And while it doesn’t set up all the sonic shifts that will play out across Resonance of Shadows, starting immediately with the shuffle of “The Breeze Says Go” and continuing through the memorial bells that launch “Hiroshima,” it does step forth as an excellent lead-in to them. More over, one that a lesser band wouldn’t be able to wield with such grace. To look at Resonance of Shadows as two halves, each with four tracks — though vinyl invariably wouldn’t split that way given extended runtimes in back end — it seems to bring shorter rockers like “Ingah” and “Cosmic Frequency” and “The Breeze Says Go” while letting the seven-minute “Hiroshima” (which breaks into a faster rush in its own second half, churning to an instrumental crescendo that serves as one of the record’s finest) work to foreshadow the doomly plays throughout the instrumental “Views on C#,” the ultra-grooving “Unbound” and the spacious closing pair of “The Ancient Soul” and “Sekibaku.”

The truth of Eternal Elysium‘s scope, however, is more complex, and Resonance of Shadows isn’t nearly so binary. As much as “Unbound”(8:49) and “The Ancient Soul” (9:17) take their time to patiently flesh out ideas, they’re not lazy in doing so, and among the album’s principal achievements is how organically it crosses the sometimes vast divide between doom and heavy rock, so that the languid, rich low end, echoing lead guitar and open spaces of “Sekibaku” feel no less appropriate here than the march of “Unbound” or the mournfulness of “Hiroshima” earlier. Setting up multiple contexts and moving swiftly between them, the three-piece are able to harness a vitality that works as the thread tying everything together, and accordingly, they allow their material to go where it seems it wants to go without having the push of “Cosmic Frequency” are out of place next to the aughts-style stonerism of “Views on C#,” or for that matter, anything lose a step feeding into anything else.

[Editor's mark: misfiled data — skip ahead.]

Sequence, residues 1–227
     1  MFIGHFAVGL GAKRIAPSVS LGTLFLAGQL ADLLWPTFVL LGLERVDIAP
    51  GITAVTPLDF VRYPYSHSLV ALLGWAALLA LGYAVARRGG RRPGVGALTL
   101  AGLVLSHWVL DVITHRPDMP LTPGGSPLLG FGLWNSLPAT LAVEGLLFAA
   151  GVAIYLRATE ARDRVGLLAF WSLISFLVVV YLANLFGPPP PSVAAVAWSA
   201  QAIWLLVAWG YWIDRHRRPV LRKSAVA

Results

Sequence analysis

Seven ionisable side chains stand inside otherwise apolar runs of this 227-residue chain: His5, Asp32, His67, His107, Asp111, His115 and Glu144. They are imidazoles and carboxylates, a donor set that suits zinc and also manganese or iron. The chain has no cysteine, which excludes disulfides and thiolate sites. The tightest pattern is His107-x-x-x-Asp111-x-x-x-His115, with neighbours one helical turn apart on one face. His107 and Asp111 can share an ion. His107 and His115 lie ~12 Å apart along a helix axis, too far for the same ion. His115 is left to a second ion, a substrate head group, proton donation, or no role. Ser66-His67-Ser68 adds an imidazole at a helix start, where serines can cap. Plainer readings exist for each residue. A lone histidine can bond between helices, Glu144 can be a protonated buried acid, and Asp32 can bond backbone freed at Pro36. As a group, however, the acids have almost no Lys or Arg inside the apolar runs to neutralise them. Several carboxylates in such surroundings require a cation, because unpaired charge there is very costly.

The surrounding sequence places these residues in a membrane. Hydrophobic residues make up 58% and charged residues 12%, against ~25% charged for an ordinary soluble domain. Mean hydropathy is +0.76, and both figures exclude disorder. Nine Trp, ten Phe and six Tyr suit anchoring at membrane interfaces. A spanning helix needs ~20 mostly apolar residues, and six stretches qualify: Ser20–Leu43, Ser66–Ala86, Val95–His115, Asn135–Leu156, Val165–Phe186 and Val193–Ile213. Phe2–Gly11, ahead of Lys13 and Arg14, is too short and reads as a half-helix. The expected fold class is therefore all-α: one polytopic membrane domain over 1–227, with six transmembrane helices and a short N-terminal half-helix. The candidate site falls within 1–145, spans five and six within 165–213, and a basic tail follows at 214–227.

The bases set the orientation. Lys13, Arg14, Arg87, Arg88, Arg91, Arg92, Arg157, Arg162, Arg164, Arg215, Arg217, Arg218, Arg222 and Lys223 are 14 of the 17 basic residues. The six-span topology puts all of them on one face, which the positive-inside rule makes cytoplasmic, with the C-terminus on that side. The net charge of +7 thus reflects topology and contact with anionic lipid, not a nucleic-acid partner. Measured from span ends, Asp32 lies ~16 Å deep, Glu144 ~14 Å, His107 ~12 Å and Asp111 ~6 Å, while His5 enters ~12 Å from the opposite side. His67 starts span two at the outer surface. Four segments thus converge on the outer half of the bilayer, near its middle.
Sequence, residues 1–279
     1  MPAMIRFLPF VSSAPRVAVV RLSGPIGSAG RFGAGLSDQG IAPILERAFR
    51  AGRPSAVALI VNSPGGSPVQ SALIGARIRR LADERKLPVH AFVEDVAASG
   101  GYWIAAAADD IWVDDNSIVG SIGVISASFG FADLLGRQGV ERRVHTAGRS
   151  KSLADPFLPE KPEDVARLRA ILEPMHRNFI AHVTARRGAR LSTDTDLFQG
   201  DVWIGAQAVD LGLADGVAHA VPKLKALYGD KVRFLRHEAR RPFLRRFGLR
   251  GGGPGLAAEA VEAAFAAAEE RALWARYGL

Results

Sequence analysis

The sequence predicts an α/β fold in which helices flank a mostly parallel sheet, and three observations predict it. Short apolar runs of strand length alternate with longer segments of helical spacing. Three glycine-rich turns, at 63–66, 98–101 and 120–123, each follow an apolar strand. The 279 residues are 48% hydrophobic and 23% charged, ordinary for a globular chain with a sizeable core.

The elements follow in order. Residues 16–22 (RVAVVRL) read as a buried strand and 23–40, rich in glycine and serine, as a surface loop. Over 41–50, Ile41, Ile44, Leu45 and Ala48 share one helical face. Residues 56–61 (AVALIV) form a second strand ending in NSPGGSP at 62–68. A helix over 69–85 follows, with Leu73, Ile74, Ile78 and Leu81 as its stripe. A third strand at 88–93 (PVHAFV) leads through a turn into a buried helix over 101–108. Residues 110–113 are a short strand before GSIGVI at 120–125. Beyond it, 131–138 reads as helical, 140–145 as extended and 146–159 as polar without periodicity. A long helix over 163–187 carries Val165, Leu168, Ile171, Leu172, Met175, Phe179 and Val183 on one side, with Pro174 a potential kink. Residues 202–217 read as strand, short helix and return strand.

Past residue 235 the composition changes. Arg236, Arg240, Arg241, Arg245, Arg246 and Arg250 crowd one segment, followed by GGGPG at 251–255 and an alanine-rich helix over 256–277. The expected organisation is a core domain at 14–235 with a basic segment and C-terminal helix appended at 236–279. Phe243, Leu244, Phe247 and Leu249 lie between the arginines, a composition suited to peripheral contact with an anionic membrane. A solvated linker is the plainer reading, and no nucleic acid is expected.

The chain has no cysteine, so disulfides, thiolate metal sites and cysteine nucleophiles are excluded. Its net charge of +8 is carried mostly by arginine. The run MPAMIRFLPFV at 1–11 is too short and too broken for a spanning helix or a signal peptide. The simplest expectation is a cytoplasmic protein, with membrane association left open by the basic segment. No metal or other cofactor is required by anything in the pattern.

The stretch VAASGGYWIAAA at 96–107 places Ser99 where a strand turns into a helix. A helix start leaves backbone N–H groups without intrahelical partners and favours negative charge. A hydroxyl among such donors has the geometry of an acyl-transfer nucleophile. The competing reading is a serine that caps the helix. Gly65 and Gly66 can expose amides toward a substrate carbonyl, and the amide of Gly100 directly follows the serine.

“The Ancient Soul” and “Sekibaku” underscore this triumph, but again, it’s evident from “Ingah” onward, and the argument that Eternal Elysium make in favor of conversion, “never so blatant as “drop out of life with bong in hand,” is no less convincing. To call them underappreciated feels like understatement, and thinking of how one might approach Resonance of Shadows as a fan come to the genre since 2009 who is maybe taking on the band for the first time, the best way I can think of is as a blueprint for how heavy rock and roll and doom should sound when done right. No pretense, fluid boundaries and songwriting at a paramount. Recommended.

Eternal Elysium, “Ingah”

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Cornucopia Records website

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One Response to “Eternal Elysium, Resonance of Shadows: Experiential Benefit”

  1. Laurent says:

    Cool album, first listen here. You guys should note that Hiroshima is a cover from the legendary Japanese 70s heavy-psych Flower Travellin’ Band, it’s on the album Made in Japan. Another incarnation of the main riff can also be found on Satori Part III. Cheers!